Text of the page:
This series began because I was going through my keepsakes and photos the other day. As I dug through a waterproof bin that holds some of my most mundane but meaningful treasures, I was struck by the power of writing to evoke memory.
My mother and grandmother are both deceased. As I dug through photos, postcards, greeting cards, letters, and other bits of paper, I realized that I inherited my love of reading and writing from them; they were both prolific writers. What’s more is I could glance at a card and know who wrote it. Their handwriting pushed memories at me – practicing handwriting at the kitchen table, writing notes to my grandma, and collecting poems and little stories to share.
Both women had lovely penmanship. My mother’s letters were clear and easy to read. Lovely, but not particularly ornamental either. I’m not sure I buy into graphology as a legitimate field, but in my mother’s case, her handwriting mirrored who she was. My grandmother’s handwriting was pure art. Every letter ended in a perfectly proportioned curl. Even on blank paper, her handwriting was level and evenly spaced. It was lovely to read and look at.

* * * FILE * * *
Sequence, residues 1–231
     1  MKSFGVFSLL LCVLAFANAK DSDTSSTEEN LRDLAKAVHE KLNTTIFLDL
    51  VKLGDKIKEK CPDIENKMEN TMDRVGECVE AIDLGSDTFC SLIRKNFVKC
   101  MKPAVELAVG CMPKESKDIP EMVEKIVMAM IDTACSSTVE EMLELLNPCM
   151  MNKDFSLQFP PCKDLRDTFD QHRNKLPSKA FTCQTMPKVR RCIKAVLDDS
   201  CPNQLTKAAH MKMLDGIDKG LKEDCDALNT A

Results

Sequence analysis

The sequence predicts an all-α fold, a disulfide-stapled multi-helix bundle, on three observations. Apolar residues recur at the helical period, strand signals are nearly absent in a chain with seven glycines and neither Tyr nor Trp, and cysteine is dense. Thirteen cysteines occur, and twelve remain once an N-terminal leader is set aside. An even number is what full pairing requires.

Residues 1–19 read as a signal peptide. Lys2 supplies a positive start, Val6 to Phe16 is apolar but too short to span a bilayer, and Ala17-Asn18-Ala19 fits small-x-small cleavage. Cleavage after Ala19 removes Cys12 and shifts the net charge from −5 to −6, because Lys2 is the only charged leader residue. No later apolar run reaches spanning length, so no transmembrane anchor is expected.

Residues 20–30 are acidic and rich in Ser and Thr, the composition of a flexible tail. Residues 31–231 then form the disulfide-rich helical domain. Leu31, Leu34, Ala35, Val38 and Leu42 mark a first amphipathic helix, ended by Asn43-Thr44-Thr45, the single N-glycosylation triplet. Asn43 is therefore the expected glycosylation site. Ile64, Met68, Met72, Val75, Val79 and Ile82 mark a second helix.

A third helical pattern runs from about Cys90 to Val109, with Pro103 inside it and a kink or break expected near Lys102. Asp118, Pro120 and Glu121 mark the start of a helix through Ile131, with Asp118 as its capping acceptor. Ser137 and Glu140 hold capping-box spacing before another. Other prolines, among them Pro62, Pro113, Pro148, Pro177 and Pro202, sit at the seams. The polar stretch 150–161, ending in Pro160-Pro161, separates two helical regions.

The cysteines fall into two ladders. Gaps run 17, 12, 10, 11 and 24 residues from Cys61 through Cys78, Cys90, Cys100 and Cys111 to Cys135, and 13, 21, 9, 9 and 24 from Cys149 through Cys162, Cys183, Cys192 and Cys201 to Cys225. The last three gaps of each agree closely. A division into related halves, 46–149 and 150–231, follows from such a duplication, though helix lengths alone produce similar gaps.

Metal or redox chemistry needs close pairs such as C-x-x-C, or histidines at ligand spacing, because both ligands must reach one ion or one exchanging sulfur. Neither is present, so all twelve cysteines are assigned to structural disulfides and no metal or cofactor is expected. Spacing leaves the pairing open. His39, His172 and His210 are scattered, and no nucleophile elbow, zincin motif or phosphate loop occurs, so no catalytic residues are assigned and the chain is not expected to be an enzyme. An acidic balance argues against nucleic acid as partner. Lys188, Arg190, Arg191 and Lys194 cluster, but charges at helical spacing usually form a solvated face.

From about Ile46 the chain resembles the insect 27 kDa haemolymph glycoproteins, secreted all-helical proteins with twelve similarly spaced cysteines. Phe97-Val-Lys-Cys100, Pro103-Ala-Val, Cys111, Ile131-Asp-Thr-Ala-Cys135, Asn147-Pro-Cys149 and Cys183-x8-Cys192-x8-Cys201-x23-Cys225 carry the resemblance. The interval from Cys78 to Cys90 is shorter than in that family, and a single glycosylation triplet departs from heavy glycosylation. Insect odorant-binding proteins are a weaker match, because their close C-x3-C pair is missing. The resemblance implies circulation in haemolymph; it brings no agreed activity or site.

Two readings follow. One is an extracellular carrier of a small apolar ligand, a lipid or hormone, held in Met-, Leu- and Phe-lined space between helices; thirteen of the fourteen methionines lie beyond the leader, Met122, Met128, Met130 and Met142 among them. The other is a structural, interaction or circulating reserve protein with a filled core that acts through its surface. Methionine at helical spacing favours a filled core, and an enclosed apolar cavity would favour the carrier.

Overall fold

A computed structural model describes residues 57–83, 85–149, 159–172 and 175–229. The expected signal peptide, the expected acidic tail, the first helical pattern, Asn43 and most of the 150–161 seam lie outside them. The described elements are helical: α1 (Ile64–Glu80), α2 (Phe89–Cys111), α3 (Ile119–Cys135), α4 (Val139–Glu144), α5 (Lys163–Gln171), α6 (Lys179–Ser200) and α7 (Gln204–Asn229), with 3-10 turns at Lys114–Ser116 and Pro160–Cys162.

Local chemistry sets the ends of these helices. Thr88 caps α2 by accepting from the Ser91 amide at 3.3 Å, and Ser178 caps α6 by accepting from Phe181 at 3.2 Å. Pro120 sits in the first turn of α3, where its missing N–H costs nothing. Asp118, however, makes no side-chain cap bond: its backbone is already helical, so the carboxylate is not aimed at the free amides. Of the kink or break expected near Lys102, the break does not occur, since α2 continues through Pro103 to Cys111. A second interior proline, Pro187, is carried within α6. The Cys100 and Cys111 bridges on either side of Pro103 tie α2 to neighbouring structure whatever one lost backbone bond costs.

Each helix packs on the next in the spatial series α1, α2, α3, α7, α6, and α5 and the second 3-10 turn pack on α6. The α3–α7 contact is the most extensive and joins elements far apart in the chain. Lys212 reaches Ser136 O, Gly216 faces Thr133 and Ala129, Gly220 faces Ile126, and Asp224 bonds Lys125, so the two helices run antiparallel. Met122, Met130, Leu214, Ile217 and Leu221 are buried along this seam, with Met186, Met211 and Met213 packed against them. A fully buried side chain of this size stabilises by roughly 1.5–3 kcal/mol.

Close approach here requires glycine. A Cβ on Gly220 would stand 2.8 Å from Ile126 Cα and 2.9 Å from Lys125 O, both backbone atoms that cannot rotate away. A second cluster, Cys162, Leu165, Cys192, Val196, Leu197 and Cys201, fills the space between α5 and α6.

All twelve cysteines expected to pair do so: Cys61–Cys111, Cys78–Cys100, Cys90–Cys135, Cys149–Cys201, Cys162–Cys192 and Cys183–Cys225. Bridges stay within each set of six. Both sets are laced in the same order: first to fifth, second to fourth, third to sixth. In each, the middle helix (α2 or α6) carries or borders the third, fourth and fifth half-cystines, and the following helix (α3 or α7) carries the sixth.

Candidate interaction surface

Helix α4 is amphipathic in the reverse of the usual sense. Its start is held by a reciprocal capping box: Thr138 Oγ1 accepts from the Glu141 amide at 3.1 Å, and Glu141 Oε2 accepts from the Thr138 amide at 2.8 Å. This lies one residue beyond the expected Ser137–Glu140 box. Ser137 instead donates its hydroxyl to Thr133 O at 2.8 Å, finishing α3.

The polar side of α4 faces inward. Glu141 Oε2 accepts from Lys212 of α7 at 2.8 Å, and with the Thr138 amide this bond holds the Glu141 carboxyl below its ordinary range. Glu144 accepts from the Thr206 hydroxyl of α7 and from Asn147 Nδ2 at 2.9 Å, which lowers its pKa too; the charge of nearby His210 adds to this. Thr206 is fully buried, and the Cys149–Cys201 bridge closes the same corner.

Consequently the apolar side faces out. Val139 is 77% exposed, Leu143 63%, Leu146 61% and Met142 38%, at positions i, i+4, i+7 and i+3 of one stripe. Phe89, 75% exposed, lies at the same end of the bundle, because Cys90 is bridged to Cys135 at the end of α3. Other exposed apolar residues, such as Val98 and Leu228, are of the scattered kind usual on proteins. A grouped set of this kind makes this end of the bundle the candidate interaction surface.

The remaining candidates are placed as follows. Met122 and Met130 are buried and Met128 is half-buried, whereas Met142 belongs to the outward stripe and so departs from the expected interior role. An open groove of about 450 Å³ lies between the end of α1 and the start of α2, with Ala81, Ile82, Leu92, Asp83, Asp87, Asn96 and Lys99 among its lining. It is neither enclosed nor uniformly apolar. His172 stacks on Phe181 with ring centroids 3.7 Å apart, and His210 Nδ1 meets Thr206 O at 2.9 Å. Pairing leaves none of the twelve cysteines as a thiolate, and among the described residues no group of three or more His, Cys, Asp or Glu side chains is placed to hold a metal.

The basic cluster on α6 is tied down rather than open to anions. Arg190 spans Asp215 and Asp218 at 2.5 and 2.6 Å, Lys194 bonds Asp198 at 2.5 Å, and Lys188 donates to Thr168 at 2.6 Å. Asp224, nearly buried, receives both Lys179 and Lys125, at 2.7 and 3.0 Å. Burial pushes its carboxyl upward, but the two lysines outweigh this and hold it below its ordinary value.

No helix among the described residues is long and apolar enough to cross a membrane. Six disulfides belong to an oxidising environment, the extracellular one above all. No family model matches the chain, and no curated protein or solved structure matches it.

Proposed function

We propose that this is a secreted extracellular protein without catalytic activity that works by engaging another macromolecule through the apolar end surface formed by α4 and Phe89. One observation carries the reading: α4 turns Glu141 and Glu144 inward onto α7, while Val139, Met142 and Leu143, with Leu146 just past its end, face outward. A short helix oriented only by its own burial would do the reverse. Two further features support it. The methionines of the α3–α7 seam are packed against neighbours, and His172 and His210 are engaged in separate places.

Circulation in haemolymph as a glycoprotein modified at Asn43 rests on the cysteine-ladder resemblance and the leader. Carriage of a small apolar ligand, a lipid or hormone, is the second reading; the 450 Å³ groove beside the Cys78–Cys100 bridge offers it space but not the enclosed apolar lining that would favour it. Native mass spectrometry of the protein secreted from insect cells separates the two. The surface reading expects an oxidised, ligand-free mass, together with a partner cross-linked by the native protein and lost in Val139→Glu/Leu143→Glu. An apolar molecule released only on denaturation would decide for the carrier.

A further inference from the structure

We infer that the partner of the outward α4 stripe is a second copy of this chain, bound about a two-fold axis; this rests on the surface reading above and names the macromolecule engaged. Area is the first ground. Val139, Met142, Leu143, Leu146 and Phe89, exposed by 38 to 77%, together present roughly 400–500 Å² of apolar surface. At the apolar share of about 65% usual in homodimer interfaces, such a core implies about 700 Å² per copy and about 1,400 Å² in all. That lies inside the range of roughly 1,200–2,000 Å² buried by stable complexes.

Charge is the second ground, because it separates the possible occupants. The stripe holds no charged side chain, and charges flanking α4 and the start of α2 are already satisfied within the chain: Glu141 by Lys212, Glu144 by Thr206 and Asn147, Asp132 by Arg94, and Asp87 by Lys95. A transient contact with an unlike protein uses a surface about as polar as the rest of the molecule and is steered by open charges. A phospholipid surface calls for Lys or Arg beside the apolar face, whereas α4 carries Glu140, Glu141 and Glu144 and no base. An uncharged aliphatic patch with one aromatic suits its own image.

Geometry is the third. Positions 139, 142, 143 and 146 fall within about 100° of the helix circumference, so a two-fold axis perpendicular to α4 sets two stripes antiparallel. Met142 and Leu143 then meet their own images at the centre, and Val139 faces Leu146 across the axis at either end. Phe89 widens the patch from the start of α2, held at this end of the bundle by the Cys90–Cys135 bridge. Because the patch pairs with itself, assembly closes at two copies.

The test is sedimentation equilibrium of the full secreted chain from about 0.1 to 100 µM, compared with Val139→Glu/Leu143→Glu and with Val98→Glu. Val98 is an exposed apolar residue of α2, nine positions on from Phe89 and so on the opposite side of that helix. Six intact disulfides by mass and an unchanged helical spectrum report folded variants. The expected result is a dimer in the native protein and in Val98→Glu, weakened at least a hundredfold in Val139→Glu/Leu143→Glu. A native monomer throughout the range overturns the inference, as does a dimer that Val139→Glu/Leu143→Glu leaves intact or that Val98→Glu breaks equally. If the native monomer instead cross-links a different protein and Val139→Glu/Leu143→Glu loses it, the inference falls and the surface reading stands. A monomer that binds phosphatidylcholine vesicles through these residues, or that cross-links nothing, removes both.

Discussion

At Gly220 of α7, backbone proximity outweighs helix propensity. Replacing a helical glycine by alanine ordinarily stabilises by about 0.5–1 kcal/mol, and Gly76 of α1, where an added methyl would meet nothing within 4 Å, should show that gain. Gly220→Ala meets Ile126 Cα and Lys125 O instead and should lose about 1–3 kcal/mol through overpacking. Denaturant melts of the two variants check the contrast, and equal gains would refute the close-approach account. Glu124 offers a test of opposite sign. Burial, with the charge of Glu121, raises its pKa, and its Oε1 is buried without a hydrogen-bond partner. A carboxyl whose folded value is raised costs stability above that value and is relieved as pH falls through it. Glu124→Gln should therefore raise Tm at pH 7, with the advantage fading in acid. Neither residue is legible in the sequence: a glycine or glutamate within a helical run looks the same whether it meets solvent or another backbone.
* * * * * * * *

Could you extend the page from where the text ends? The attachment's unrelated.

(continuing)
So, I wasn’t surprised when I found a certificate in her name for the Palmer Method of penmanship. She was an expert and her correspondence reflected her abilities. In fact, I remember toward the end of her life, she lamented the shakiness of her hand. She hated that she couldn’t write as beautifully has she once had.
As a someone who studies digital writing and tools, I can’t help but wonder what we lose when we stop teaching handwriting. Will future generations explore their digital files and have memories of the moment someone posted something to Facebook or the moment they were retweeted? Or, is there something about the materiality of handwriting that has a special power?